YA Weekend Audio: The Star-Touched Queen by Roshani Chokshi
A review copy was provided by the publisher in exchange for an honest review. All opinions are my own.
Mogsy’s Rating (Overall): 4 of 5 stars
Genre: Fantasy, Young Adult
Series: Stand Alone
Publisher: Macmillan Audio (April 26, 2016)
Length: 9 hrs and 22 mins
As soon as I finished this book I wanted to jump up and scream YES! This is what more YA should be like. It has originality. It has depth. It has a talking, flesh-eating demon horse. Wait, what? Yeah, more on that in a bit.
Think of The Star-Touched Queen as a retelling of the Persephone/Hades story, but inspired by the grand sweeping epics of Indian mythology. And like the greatest of the legends, this powerful journey also has elements of magic and romance, beauty and darkness, death and sacrifice. Seventeen-year-old Princess Myavati is said to be cursed, tainted with a horoscope that promises a marriage of Death and Destruction. In a kingdom where the people are deeply superstitious, this makes Maya something of an outcast in her father’s palace. None of the women in the harem want anything to do with her, but that suits Maya just fine as she puts her mind towards more scholarly pursuits.
But then Maya’s world is shattered when the Raja announces his plan to barter her off in a political marriage. The news shocks and mystifies her, because princess or not, who would want her as a cursed bride? In the end, what her father had in mind turns out to be much more complicated and terrible, but just as Maya was about to accept her fate as a mere pawn in this game of power, a new player enters the field—Amar, a mysterious prince who claims to be from a magical kingdom far away. Indeed, Amar ends up whisking Maya away to Akaran, his world beyond the mortal realm. There, he shows her wonders she never thought possible, though he reveals little of the truth about himself, telling Maya that a magical geas prevents him from answering all her questions until a certain amount of time has passed. The secrets gradually begin to eat away at Maya, who is not content to stay in Akaran like a caged bird. Acting upon her instincts, however, she unwittingly unleashes a chaos may unbalance the fates of both the ordinary world and the Otherworldly one, and now Maya needs to figure out how to make things right and save the people she loves.
While it’s true that the prose edges into purplish territory at times (especially noticeable when you’re listening to the audiobook), I’m a little tempted to let this one slide…just this once. Somehow, the style actually ends up being a good fit for kind of the imagery presented in this novel—rich, vibrant, perhaps a little bit over-the-top in terms of abstractedness, but still grounded enough to be very enjoyable. Certain aspects in this story remind me of the different kinds of myths in antiquity or folklore/legend, only retold for a modern audience.
I also really enjoyed the heavy focus on Maya and Amar’s relationship, and I don’t simply mean that we spend a lot of time on the romance. This goes deeper than that. I love the fact that author Roshani Chokshi is not afraid to slow things down, especially when current YA fiction trends are seemingly always pushing for more ACTION, ACTION, ACTION! PEP, VIM, ZING! The Star-Touched Queen is not that kind of book, and I would even understand if others call it out for its languid pacing, though I have to say found this novel no less exciting in its own unique way. I marveled at the amount of bonding time between our two main characters, or how the thoughtful, reflective conversations they had with each other actually meant something.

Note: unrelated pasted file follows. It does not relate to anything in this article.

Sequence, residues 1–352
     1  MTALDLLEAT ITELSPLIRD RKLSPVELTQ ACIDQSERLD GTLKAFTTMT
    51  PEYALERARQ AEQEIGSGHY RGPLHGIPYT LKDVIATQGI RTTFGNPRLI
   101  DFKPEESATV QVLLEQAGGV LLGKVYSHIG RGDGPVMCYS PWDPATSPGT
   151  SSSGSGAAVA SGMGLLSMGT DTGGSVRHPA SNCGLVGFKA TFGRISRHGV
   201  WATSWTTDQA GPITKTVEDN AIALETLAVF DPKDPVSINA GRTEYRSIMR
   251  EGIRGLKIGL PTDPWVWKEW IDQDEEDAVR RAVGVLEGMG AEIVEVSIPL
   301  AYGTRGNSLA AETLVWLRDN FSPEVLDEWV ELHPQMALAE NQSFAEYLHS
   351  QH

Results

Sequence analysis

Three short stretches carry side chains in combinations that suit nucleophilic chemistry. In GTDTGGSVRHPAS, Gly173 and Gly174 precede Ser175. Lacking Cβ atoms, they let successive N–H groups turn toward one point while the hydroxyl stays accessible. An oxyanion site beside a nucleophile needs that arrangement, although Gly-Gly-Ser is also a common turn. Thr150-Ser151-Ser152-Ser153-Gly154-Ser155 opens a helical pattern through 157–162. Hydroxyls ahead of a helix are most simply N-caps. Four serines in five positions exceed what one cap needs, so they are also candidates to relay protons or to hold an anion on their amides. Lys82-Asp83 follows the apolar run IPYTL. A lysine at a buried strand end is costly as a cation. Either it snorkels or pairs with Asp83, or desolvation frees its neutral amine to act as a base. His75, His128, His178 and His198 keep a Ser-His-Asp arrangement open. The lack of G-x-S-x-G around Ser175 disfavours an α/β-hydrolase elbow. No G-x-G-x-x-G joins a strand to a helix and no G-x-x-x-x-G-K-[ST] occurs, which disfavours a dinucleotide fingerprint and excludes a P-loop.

If you were hoping for a faster-paced story, the second part of the book does bring a little more momentum. We get to know Maya a lot better as a character, watching her personal growth as she rises above her past memories and actions. In the tradition of the ancient Indian epics, this section chronicles a hero’s journey, except in this case of course, our hero is a heroine, a princess trying to find a way to save her world and her beloved. But Maya doesn’t fight this battle alone; by her side is Kamala, the aforementioned demon horse who makes for an unlikely but humorous ally.
I also highly recommend The Star-Touched Queen in audio format. I thought narrator Priya Ayyar’s performance started out a little strained at the beginning but it gradually smoothed out to become more natural over time, and she is really good with accents. Furthermore, some stories can work incredibly well when they’re being read out loud, with certain sections that make you want to close your eyes and imagine the wonderful things described. This is definitely one of those books.
All told The Star-Touched Queen was a delight to read and listen to; I would recommend it if you’re looking for an imaginative YA retelling that’s not as formulaic and contrived. A lovely mix of romance, fantasy, and mythology.
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